|LETTER TO EDITOR
|Year : 2016 | Volume
| Issue : 3 | Page : 233-235
Renal cortical necrosis: A life-threatening manifestation of primary antiphospholipid antibody syndrome
N Raveendran, KS Godara, RS Tanwar, P Beniwal, V Malhotra
Department of Nephrology, SMS Medical College, Jaipur, Rajasthan, India
|Date of Web Publication||27-Apr-2016|
Department of Nephrology, SMS Medical College, Jaipur - 302 004, Rajasthan
Source of Support: None, Conflict of Interest: None
|How to cite this article:|
Raveendran N, Godara K S, Tanwar R S, Beniwal P, Malhotra V. Renal cortical necrosis: A life-threatening manifestation of primary antiphospholipid antibody syndrome. Indian J Nephrol 2016;26:233-5
|How to cite this URL:|
Raveendran N, Godara K S, Tanwar R S, Beniwal P, Malhotra V. Renal cortical necrosis: A life-threatening manifestation of primary antiphospholipid antibody syndrome. Indian J Nephrol [serial online] 2016 [cited 2020 Apr 1];26:233-5. Available from: http://www.indianjnephrol.org/text.asp?2016/26/3/233/171229
The kidney is a major target organ in antiphospholipid antibody syndrome (APLAS). A 28-year-old female patient with a history of three first trimester abortions presented with decreased urine output for 2 weeks following an episode of fever. She was hypertensive for the past 4 years and was on irregular treatment. On admission, her serum creatinine was 7.4 mg/dl, urine examination showed 3+ albuminuria and active urinary sediments, and ultrasonography revealed normal sized kidneys. Antinuclear antibody and anti-dsDNA were negative, C3, C4 levels were normal. Lupus anticoagulant and anticardiolipin anticoagulants were positive. The patient was dialyzed, and renal biopsy was performed which revealed the evidence of patchy cortical necrosis in the cortex showing ghost glomeruli and tubules [Figure 1]. Small and medium-sized blood vessels showed mucoid intimal hyperplasia with arteriosclerosis causing marked luminal narrowing [Figure 2]. Immunofluorescence was negative for IgG, IgM, IgA, and C3 with overall features suggestive of patchy cortical necrosis with features of malignant hypertension. In view of the possibility of primary APLAS, she was stared on aspirin, prednisolone, and antihypertensives. Her urine output gradually improved to about 1.5–2 L/day. The serum creatinine, however persistent at around 4–5 mg/dl. Her lupus anticoagulant and anticardiolipin antibody levels remained high even after 12 weeks confirming the diagnosis of primary APLAS.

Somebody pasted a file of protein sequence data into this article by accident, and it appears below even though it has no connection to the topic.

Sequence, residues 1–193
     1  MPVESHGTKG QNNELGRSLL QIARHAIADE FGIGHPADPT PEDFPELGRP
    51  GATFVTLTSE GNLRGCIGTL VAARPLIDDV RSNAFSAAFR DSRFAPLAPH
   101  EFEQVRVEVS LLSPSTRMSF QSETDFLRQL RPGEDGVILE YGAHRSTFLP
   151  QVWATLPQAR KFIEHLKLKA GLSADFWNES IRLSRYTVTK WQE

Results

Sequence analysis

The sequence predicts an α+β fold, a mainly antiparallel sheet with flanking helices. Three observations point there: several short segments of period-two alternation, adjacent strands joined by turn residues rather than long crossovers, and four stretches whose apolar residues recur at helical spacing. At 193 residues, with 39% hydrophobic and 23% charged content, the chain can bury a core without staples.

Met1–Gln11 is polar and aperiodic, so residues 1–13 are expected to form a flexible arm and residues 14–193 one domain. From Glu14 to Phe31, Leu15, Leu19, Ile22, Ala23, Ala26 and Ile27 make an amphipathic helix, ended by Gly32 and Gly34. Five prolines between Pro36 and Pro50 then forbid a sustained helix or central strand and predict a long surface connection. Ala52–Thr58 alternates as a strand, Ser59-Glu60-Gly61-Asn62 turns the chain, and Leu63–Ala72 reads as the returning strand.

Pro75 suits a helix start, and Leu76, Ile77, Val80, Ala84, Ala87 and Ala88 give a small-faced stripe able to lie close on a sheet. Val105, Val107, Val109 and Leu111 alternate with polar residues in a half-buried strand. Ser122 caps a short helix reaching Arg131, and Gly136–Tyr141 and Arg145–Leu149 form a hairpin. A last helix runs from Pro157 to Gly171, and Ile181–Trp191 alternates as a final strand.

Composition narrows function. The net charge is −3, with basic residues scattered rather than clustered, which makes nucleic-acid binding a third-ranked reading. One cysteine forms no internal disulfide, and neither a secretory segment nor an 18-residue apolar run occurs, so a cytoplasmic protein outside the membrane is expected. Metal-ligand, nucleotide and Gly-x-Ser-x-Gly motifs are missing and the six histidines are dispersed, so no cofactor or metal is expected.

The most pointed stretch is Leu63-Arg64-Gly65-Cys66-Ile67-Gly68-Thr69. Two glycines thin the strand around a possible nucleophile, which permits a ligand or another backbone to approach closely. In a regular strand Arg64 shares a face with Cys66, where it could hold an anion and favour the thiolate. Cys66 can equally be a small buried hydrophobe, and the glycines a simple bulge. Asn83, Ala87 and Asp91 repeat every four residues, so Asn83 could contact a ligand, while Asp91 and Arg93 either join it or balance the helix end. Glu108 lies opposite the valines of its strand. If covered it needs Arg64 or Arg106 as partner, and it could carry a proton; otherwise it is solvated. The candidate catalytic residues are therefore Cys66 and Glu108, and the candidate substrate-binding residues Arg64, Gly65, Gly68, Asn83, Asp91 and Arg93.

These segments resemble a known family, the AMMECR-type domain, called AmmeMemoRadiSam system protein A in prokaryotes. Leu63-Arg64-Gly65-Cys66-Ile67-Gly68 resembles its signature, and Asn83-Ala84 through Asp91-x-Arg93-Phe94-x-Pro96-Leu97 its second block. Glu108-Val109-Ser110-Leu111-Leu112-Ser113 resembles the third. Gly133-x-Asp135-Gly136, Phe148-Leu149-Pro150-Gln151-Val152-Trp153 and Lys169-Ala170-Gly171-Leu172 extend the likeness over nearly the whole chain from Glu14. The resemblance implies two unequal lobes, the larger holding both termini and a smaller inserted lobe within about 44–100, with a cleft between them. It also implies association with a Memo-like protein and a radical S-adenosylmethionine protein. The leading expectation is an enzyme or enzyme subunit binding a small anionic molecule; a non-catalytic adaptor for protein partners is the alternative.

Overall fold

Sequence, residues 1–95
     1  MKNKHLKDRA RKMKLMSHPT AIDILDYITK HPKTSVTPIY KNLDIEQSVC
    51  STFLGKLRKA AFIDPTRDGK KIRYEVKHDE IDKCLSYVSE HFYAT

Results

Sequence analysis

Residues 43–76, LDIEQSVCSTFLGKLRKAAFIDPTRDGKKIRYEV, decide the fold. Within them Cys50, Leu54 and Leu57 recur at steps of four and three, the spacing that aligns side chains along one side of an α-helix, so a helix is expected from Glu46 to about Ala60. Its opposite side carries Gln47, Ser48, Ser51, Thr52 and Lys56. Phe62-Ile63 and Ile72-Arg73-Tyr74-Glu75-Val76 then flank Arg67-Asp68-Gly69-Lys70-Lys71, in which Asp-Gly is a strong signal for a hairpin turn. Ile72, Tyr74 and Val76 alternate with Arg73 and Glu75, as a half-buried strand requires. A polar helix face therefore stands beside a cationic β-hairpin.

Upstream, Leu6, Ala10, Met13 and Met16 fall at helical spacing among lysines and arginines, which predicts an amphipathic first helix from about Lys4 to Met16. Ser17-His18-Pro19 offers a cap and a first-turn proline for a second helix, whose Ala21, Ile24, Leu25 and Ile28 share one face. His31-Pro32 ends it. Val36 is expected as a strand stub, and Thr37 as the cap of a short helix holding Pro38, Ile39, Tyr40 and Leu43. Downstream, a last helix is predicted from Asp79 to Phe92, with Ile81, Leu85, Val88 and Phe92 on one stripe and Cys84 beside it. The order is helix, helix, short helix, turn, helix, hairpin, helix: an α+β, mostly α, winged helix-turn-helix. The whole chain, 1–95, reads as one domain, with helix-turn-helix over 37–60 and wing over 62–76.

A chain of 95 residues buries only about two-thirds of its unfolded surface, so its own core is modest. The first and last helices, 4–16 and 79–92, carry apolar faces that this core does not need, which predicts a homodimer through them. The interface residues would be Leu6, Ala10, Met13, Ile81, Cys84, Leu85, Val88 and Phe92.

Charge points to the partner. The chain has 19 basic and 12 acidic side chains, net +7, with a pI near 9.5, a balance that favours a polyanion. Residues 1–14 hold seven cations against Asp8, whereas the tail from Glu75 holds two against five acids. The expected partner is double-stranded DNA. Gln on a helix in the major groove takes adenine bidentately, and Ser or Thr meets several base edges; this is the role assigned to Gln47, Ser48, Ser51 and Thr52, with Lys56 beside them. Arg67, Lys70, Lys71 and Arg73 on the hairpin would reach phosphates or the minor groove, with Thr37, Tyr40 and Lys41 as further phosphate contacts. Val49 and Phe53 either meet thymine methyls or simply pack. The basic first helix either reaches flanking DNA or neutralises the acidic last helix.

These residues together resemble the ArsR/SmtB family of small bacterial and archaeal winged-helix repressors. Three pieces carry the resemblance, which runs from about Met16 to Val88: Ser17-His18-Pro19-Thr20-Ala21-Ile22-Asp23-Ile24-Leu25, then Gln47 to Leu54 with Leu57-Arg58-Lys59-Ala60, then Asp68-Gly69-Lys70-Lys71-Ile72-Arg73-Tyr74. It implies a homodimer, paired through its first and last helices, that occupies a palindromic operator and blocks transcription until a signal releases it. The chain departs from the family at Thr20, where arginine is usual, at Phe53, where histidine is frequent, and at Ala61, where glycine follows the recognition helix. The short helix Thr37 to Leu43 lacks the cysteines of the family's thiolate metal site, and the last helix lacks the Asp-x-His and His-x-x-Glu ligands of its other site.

|Figure 1: Figure showing patchy cortical necrosis with ghost glomeruli and tubules|
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Cortical necrosis continues to be encountered in our part of the world. Renal cortical necrosis accounts for 2% cases of acute kidney injury (AKI) in Western world while it accounts for 7–9% cases of AKI in developing countries. Obstetric causes are responsible for more than 50% cases of acute cortical necrosis while other causes include snake bite, hemolytic uremic syndrome, acute pancreatitis, acute gastroenteritis, and septicemia. APLAS is a constellation of diverse clinical manifestations related principally to hypercoagulable state. Renal manifestations pf primary APLAS include renal artery lesions, glomerular capillary thrombosis, thrombotic microangiopathy, renal cortical necrosis, renal vein thrombosis, and APSN. Cortical necrosis seems to be due to occlusion of small parenchymal blood vessels. These are generally asymptomatic, however, if they are multiple or generalized they may lead to patchy or diffuse cortical necrosis. Another presentation of renal cortical ischemia is slowly progressive ischemia causing renal failure in long-term. Clinically, the patient will have hypertension, proteinuria, and progressive renal failure. Regarding treatment, class of therapeutic drugs, intensity, and duration of treatment remain controversial. Prednisolone, aspirin, heparin, low-molecular-weight heparin, and plasmapheresis have been used in the treatment with variable results.
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[Figure 1], [Figure 2]